Matthew 7:13-21, is a key passage to be familiar with. In verses 13-14, the issue is salvation: the false way is broad, the true way is narrow. The false way is that nothing matters, the true way, that everything matters. Beginning in verse 15, the passage addresses the false prophets who proclaim the broad way: they too produce fruit, but it is evil. They cannot produce good fruit. There is the other side of this truth that maintains that a child of God, who has received Christ by faith as his only way of salvation, and entered in at the narrow gate, produces good fruit. He produces this kind of fruit only because of who he now is in Christ. The passage ends very solemnly in verses 21-23. It reverts back to the very people who taught the wrong way, and those who believed the wrong way. Yes, they did certain things in their lives. They produced fruit, but it wasn’t of the nature of the born again believer, and therefore cannot be considered to be good fruit. And the Lord declares that He never knew them as His children by faith alone in Christ. That is the mark of the religious and churched unsaved. It has to be a devastating blow to realize that they had believed a lie, lived a lie, reproduced a lie, and now will spend eternity separated from God with that lie ever before them.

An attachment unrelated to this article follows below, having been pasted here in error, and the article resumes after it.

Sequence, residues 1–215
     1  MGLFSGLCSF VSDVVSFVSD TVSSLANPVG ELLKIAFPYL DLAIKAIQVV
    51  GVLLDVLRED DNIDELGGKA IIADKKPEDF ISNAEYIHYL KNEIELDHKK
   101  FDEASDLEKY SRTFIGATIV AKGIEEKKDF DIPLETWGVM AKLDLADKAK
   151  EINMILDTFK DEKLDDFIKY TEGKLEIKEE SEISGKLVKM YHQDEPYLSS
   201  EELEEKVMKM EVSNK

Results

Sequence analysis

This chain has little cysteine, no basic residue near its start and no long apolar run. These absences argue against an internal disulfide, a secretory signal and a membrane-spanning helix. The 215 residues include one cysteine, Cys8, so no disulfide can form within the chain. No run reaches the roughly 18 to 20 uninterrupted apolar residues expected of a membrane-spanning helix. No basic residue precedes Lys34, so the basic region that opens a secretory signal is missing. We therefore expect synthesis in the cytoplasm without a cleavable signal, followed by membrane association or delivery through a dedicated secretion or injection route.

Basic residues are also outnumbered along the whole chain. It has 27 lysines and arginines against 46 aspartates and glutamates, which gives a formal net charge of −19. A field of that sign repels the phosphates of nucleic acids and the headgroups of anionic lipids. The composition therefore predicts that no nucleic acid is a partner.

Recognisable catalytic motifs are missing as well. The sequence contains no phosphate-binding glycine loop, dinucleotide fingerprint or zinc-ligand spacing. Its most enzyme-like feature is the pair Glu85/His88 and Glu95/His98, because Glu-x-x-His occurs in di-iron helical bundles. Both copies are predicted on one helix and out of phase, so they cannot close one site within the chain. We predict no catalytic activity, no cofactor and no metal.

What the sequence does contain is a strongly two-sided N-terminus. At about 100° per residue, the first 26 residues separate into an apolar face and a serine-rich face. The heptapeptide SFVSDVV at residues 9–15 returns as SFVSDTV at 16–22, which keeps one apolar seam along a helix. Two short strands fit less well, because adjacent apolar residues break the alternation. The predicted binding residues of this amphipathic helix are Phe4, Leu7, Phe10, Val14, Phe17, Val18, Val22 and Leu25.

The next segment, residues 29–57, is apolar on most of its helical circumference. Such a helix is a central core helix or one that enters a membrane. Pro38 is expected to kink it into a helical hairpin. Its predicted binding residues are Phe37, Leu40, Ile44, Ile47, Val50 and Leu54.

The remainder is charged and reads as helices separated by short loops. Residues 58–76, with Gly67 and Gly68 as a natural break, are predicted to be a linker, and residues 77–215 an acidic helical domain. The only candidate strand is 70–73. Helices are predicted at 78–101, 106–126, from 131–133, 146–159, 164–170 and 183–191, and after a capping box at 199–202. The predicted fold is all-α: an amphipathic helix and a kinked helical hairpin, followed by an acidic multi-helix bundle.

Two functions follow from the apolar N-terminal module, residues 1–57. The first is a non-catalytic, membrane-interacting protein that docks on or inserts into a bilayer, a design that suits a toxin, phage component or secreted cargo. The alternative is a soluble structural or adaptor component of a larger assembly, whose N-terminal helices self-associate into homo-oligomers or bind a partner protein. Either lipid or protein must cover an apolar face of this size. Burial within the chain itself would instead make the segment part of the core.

Ephesians 2, presents the contrasts of what a person was before they were saved, and what they are now that they are saved. Take the time to read the chapter and mark the various contrasts. And then examine your life to see where you really are in the scheme of God’s Word.
Biblical salvation realized is not spiritual perfection. That will be granted in heaven when we are free even from the presence of sin in an incorruptible body. We are stuck in this body until either the Lord returns for us or we go to Him in death. The old nature forever wants to do what he wants, and it is not spiritual: but praise God for the new nature, which is also in us after salvation, who is forever wanting us to do the spiritual thing and is backed by the power of the indwelling Holy Spirit of God. We who are saved all wish that we could never have given in to the old nature – even once. However, we know that has not been the case. Yet, we have realized the sin, repented of it, confessed it to the Lord, and desire not to ever return to it through His strength. The lost may desire to stop sinning, but they cannot. They do not have the result of salvation. The saved do, and are without excuse for not producing works and fruit pleasing to their Father and Holy God.
Biblical salvation produces positional AND practical results. To emphasize one to the exclusion of the other is to pervert and corrupt the purity of the gospel of Christ.